e-flux podcast podcast

Wet Togetherness [8]—Discharging: Cyan Cheng, Marco Ferrari and Elise Hunchuck presented by Shanghai Biennale

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Bodies exceed humanity. They remind us that we are part of something vaster—and smaller—more complex, more connected than our mere existence as an atomized species. Our bodies, and bodies in general, are comprised of heterogeneity and multitudes. All bodies are wet collective bodies defined by how they link to other bodies, places, environments, technologies. Think of breathing, clogging, decomposing, discharging, flushing, lubricating, melting, menstruating, transfusing. Bodies exist as trans- and extra-territorial beings. They live in hybridity. This porous condition produces a planetary wet-togetherness, a “commoning” force that constitutes all bodies as collective hydro-subjects.

Wet-Togetherness is a collaboration between e-flux and the 13th Shanghai Biennale, Bodies of Water, curated by Andrés Jaque, Marina Otero Verzier, Lucia Pietroiusti, Filipa Ramos, and YOU Mi, and organized and promoted by the Power Station of Art. It consists of nine sound pieces in which 21 artists, activists, and researchers enact aqueousness through sound. The series has been edited by José Luis Espejo and Rubén Coll, with sound design by Tomoko Sauvage, coordination by Roberto González García, and locutions by Yang Yang.

Episode 8: Discharging. With a sound piece by researchers and designers Jingru (Cyan) Cheng, Marco Ferrari, and Elise Hunchuck (in collaboration)
Rainmaking is a long-lasting human dream. Triggering water precipitation in air to combat water scarcity, drought, and global warming has driven spiritual cultural practices, scientific studies, and territorial conflicts. It has materialized in countless ceremonies, rituals, and other technologically enabled practices. Human ambition to tame the environment drives the proliferation of contemporary cloud seeding programs, which speaks about the political, ecological, and social consequences of the extraction of what is common.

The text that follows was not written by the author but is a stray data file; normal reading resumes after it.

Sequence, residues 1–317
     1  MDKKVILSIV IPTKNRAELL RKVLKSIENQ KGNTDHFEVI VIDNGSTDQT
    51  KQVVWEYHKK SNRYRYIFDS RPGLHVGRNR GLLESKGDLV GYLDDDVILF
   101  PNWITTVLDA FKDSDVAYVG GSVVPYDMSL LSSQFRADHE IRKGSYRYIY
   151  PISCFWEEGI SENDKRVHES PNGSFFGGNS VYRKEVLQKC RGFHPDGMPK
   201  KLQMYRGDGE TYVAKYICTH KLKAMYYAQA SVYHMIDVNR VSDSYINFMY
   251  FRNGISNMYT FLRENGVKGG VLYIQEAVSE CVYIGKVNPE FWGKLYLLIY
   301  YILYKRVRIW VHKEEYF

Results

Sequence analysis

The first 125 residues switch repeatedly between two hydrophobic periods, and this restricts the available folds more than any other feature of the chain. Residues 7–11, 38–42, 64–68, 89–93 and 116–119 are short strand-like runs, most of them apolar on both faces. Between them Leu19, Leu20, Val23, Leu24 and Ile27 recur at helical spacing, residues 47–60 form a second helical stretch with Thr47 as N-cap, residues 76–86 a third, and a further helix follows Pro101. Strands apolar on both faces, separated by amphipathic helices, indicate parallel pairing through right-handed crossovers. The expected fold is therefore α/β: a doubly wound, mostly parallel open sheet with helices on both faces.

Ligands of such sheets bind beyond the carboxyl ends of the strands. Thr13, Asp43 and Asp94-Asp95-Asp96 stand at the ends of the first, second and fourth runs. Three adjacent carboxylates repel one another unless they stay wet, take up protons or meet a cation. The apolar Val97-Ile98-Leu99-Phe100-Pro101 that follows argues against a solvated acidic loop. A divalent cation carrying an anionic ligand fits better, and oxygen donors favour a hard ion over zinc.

Jingru (Cyan) Cheng, Marco Ferrari, and Elise Hunchuck talk about Sky River, a project supported by the Chinese government to work on the watershed of the Huang He (Yellow River) through weather engineering and aimed at mitigating the territory’s increasing drought conditions. Articulating a new planetary and atmospheric imaginary, Sky River positions the water that circulates in the upper atmosphere not as a natural occurrence but as an asset that can be secured through infrastructure. Precipitation is, in this context, a readily available water source that could be managed through a distributed network of cloud-seeding devices, while the tracking of weather patterns can be done via sophisticated remote-sensing technologies.

Altri episodi di "e-flux podcast"

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    Shimrit Lee on Decolonize Museums

    58:40